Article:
In September 2017, one of the big three credit reference agencies disclosed they had suffered a data breach which exposed personally identifiable information for 143 million US customers along with other customers around the world. The attackers exploited a security flaw on the company's website.
This data breach was breathtaking due to the amount of highly sensitive data effectively handed over to the attackers, including full names, social security numbers, birth dates, addresses and driver licence numbers. It provided almost all of the information that companies use to confirm consumers identity directly into the hands of hostile actors and will remain so indefinitely.
According to senator Mark Warner, vice chairman of the Senate Select Committee on Intelligence, it would not be an “exaggeration to suggest that a breach such as this represents a real threat to the economic security of Americans".
A standard precaution advised to data breach victims where financial information is exposed is to monitor your records at the credit reference agencies. According to Avivah Litan, a Gartner Inc analyst who tracks identity theft and fraud “on a scale of 1 to 10, this is a 10. It affects the whole credit reporting system in the United States because nobody can recover it, everyone uses the same data”.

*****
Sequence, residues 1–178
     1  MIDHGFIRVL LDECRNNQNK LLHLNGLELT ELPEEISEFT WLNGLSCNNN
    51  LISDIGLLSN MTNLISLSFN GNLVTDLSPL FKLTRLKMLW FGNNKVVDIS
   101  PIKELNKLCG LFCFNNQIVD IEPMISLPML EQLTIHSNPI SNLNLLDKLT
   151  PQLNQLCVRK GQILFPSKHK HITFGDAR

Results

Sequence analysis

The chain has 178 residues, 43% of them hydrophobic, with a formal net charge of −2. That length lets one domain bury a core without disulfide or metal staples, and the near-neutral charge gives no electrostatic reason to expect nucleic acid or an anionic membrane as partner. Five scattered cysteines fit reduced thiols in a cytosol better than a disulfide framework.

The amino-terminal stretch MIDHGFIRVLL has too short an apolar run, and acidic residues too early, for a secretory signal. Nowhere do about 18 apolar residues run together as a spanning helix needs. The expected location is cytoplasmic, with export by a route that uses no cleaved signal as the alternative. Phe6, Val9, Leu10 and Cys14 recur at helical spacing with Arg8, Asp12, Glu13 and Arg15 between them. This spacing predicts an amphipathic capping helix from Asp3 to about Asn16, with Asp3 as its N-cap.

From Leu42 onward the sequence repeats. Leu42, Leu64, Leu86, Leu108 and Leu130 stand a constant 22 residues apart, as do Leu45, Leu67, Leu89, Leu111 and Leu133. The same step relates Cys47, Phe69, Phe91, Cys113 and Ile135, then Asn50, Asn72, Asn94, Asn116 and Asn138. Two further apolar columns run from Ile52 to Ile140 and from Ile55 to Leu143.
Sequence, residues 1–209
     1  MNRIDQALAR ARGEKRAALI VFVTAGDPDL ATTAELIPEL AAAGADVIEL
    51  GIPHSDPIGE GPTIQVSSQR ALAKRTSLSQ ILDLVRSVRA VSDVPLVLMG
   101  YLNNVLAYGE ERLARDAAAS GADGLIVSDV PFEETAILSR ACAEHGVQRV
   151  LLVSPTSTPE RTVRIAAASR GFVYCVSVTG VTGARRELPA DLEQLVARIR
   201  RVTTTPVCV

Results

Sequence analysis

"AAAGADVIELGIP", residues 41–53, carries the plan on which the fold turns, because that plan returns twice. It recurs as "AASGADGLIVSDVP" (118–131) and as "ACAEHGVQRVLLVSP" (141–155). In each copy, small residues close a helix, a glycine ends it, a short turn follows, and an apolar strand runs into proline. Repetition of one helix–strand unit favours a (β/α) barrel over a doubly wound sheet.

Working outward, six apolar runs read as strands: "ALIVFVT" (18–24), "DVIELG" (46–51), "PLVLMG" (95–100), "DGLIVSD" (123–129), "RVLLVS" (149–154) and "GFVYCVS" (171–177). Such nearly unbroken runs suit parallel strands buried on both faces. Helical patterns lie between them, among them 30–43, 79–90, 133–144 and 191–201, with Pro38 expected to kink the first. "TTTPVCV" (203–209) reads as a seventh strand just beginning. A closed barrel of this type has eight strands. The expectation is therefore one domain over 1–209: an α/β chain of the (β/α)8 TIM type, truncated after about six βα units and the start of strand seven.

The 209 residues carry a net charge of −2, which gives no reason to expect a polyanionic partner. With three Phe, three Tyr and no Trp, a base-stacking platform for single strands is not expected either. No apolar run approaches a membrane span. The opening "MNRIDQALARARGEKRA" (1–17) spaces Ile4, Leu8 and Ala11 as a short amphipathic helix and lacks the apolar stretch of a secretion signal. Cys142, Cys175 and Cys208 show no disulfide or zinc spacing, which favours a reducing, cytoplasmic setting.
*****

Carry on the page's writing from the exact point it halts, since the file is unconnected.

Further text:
Other notable aspects to this case was the company's severely criticised "haphazard" incident response and that the breach caused key executives to leave including the CEO and CISO.
In September 2018, the company received a £500,000 fine by the Britain's ICO. The US government blamed the ex-CEO Richard Smith claiming it was his aggressive expansion strategy that led to the breach.
In October 2023, Britain's financial regulator, the Financial Conduct Authority, fined the company £11 million in relation to this incident.
Want to discuss this case? You can purchase a 30 minute conference call with our analysts to discuss this case and the implications it has for your organisation. Just select the time and date that works for you: